It will depend on the brand and style. Haechandle gochujang tends to be on the sweeter side. From this label it looks like you have their "Natural" or upscale product which features sun dried peppers, Korean rice, natural sea salt, and soy beans.
Other brands/styles can use sugar, brown sugar, honey, malt syrup, or fruits as sweeteners, or a combination, although most do use corn syrup now.
And then you also have the Chinese made gochujang like the one in the pic below
< From this label it looks like you have their "Natural" or upscale product>
Yeah, I did look through their various label, and this one seems more natural. It is slightly more expensive too, but not by much.
They did say this brand is #1 seller in Korea. :P
Yes, yours have the sugar lower on the list :)
< I thought it was humorous that a "Korean" brand was made in China.>
Hey, many things happen. I know a few people from Taiwan were pissed when some Taiwan sauce was outsourced to be made in Mainland China.
<This pic is from a 5 gallon bucket of the "Hometown" brand that I saw at (unnamed) restaurant in Spokane.>
You had me at 5 gallon. :)
<I usually use the Haechandle Taeyancho Gochujang.>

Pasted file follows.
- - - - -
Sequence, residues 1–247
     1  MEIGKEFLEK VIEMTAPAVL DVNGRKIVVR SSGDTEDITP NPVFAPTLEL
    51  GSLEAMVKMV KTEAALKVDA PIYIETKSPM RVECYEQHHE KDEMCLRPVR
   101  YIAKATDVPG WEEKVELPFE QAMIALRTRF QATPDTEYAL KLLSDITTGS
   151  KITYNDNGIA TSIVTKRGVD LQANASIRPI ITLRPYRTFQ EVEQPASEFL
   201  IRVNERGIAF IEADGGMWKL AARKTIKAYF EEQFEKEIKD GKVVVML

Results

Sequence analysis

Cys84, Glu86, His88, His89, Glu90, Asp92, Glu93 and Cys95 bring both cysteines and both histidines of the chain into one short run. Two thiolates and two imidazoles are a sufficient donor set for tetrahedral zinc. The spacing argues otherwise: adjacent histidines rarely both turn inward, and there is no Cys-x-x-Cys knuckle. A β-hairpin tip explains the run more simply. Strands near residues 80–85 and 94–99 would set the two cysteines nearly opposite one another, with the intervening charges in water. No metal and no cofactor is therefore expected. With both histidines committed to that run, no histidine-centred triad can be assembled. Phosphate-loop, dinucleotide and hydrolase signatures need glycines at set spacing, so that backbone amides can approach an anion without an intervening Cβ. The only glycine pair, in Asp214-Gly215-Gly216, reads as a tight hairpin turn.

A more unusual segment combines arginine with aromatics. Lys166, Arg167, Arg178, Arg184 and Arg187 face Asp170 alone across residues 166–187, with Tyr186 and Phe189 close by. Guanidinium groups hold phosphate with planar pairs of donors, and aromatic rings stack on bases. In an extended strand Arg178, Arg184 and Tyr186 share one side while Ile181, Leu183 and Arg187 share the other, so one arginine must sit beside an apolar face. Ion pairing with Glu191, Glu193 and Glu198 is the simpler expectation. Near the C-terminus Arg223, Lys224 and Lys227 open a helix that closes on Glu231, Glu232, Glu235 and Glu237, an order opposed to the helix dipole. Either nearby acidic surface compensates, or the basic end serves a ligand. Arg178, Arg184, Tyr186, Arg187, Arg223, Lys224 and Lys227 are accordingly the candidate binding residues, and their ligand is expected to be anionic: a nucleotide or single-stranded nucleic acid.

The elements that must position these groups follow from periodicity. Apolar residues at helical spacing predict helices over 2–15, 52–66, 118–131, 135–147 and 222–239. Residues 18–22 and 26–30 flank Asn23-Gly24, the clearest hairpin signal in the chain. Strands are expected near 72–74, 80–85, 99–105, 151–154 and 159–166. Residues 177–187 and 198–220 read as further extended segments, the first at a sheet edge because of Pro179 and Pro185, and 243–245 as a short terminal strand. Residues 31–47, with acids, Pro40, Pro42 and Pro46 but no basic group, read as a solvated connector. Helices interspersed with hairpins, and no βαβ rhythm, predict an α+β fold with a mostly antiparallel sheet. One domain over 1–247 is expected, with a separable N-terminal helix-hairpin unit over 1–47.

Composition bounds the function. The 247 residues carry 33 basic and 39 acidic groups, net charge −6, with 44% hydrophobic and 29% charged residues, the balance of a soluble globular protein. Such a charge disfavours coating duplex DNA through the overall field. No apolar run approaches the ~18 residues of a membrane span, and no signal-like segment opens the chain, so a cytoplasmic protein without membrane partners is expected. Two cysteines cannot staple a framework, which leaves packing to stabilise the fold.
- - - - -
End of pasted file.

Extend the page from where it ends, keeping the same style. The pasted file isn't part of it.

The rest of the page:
I hope you usually don't use 10 gallon.
You could also go this route (My wife and I do sometimes)
Gochujang (Quick version)
1.5 gallons water
16 ounces Malt Powder
16 ounces Glutinous Rice Powder
16 ounces Fermented Soy Bean Powder
35 ounces Fine Red Pepper Powder
12 ounces salt
20 ounces honey
Put the water into a large pot and bring to a full rolling boil.
Remove the pot from heat and let cool until it is safe to touch.
Place the malt flour into a clean lint free cloth, pull the edges up, twist, and make ball that you can hold.
Swirl the wrapped malt flour in the hot water for about 15 minutes, squeezing firmly every minute or so, until the water is a light brown color. Discard the malt flour.
Add the glutinous rice powder to the water and bring to a full boil, stirring continuously. Boil for about 2 to 3 minutes.